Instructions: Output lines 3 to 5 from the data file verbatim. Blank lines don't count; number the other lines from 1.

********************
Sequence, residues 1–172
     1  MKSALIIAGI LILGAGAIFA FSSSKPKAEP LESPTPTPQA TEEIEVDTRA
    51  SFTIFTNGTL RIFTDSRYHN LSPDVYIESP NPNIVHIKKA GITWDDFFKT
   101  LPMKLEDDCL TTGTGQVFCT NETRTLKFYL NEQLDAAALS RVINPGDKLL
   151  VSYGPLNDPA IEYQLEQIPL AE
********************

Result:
    51  SFTIFTNGTL RIFTDSRYHN LSPDVYIESP NPNIVHIKKA GITWDDFFKT
   101  LPMKLEDDCL TTGTGQVFCT NETRTLKFYL NEQLDAAALS RVINPGDKLL
   151  VSYGPLNDPA IEYQLEQIPL AE